'Desperate To Get Back To The Office': West Coast's Biggest Landlords On Remote Work Running Its Course
Allen Matkins' 13th annual View From the Top event took on a much different form from previous years, with last year's in-person discussions on the length of the economic expansion replaced in part by Monday afternoon's musings on when companies would return to their offices.
For this year's speakers, who included some of the West Coast's biggest office landlords and brokers, the answer to the latter is: whenever they possibly can.
Kilroy Realty Corp. Chairman and CEO John Kilroy, Boston Properties CEO Owen Thomas and TMG Partners Chairman and CEO Michael Covarrubias each spoke about the future of the office sector in their respective sessions.
Citing marketplace conditions, Boston Properties has paused its big speculative office developments at San Francisco's Fourth and Harrison and San Jose's Platform 16, but Thomas, like the event's other landlords, said the limitations of remote work are being felt even more as the coronavirus pandemic continues.
“In a funny way, I think the longer this pandemic goes on, the more it’s proving the importance of the in-person work environment,” he said.
Kilroy and Thomas, who said he does see remote work becoming somewhat more common, both said a demand for more space per worker will benefit office owners.
"We heard increasingly from employees of our customers that they just didn’t like the density that they were being put into, even before the pandemic," Thomas said. "And now with the pandemic and all the health-security concerns, there’s clearly going to be more spacing, even after the virus disappears, and I think that will be helpful for the office, net."
The office landlords largely agreed the office sector will bounce back once the economy reopens.
Covarrubias, who joined Thomas on a panel on threats facing commercial real estate after the pandemic, said remote work isn't much of one.
"I think if we had some of the FAANG guys [Facebook, Amazon, Apple, Netflix and Google] on this call and if they were willing to speak openly, my impression from that is that they are not very thrilled with the way [remote work] is going," he said. "I think their current analysis is it's not working."
For at least some tenants, though, it appears to still be working. And Twitter, which Covarrubias cited as an example of a company appearing to embrace remote work early in the pandemic, started listing more than 100K SF at its S.F. headquarters for sublease. Another example just this month is the Bay Area-based corporate card startup Brex, which told employees it is going "remote-first."
Speakers for both non-CRE companies featured in Monday's event, autonomous vehicle maker Cruise and ViacomCBS, said remote work is working well for parts of their companies. One is writing a remote work policy for its use at the company in the future.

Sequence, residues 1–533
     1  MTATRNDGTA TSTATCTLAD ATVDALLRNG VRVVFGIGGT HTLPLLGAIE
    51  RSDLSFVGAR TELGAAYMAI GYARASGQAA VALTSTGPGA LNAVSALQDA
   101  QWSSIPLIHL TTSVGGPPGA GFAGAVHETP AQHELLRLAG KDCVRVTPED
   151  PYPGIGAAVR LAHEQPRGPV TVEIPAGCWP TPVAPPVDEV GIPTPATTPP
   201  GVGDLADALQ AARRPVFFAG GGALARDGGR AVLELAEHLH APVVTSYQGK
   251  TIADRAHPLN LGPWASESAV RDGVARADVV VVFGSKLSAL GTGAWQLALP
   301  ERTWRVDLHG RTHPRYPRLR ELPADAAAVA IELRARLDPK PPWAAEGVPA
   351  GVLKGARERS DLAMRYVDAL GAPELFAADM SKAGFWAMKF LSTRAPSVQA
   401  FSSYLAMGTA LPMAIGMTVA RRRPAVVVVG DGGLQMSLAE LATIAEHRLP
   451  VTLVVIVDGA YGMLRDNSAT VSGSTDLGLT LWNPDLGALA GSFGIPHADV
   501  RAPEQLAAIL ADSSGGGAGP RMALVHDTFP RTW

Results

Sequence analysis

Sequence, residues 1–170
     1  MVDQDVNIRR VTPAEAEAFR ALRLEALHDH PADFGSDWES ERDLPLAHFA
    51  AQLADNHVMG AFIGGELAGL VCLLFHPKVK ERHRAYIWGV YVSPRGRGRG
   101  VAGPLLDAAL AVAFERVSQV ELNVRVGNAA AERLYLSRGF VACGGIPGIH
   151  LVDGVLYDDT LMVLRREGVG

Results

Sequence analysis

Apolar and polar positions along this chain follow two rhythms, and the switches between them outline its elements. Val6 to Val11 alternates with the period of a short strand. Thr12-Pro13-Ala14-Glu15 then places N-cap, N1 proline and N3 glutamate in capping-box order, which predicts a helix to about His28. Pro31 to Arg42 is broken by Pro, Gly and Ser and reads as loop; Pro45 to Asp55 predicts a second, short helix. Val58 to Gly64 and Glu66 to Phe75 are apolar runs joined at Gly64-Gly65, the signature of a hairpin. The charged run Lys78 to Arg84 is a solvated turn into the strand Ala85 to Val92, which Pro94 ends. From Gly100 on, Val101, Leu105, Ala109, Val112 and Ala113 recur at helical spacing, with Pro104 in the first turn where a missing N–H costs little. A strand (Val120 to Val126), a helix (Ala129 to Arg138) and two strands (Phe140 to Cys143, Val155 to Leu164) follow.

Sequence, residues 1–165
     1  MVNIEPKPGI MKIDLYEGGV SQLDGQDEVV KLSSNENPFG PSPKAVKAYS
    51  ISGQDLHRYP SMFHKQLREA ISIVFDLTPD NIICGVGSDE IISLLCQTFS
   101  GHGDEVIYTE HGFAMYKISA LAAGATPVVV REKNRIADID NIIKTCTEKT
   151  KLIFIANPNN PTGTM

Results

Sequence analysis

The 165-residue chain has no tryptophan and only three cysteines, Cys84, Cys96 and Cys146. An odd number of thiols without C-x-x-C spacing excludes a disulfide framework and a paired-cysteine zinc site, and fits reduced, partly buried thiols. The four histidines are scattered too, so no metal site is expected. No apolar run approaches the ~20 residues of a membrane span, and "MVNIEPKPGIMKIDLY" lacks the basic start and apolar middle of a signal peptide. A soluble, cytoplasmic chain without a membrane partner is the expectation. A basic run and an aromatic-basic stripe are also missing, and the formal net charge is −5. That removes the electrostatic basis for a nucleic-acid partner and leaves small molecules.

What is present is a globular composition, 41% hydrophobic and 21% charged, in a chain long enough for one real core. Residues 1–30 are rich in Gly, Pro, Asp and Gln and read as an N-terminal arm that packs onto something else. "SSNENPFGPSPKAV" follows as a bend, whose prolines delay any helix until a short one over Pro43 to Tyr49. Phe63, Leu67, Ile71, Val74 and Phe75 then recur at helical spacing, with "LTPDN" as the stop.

"Probably less than 2% of our workforce worked remotely, and, even so, it was kind of unofficial," ViacomCBS Executive Vice President of Real Estate Ellen Albert said. "There was no companywide policy. We're now working on a policy."
Cruise Global Head of Real Estate and Facilities Sara Baldi said its pivot to remote work has been "surprisingly successful."
"Some of the groups that are used to a lot more in-person collaboration and whatnot might be struggling a little bit, but all in all, technically, it's worked well," she said. "A lot of the more heads-down functions and finance functions and whatnot actually are preferring it.
"I think people, now that they've sort of assimilated into it, have adjusted their lifestyles at home to support working from home."
The public market's real-time evaluations of the office sector indicate bearishness, some panelists pointed out. As of Monday, office REITs were down about 27% year-to-date, according to Nareit.
"The public markets are clearly questioning commercial real estate given the relative underperformance, particularly to the [Russell 2000 small-cap stock market index]," Eastdil Secured President Michael Van Konyenburg said during his economic presentation.
Thomas, too, touched on office REITs' poor performance despite rent collection only having dipped slightly when compared with other sectors. He attributed the drops to uncertainty.
"It’s been a pretty stable asset class, but in terms of the public market it’s traded way down, probably closer to retail and hotels, and that’s because of expectation concerns," he said.
Office landlords like Brindley said Monday many of those concerns will be put to bed once companies are allowed to and comfortable with returning to the office.
"There is no replacement for the office," Brindley said. "Ad hoc collaboration doesn’t occur when people are in disparate parts of the world trying to communicate.
"Certainly, there’s no mentorship and there’s no dissemination or reinforcement of the culture the company is trying to reinforce.”
Allen Matkins partner and Global Real Estate Group Chair Tony Natsis, himself a big believer that the sector will return for the irreplaceable in-person interaction it offers, moderated the event and said in an interview afterward that it will come back in person for much the same reason, though possibly infused with some remote attendance and participation in the future.
"We don’t see this as continuing in the virtual realm, as people look forward to networking at the event and appreciate how it brings the industry together," he said.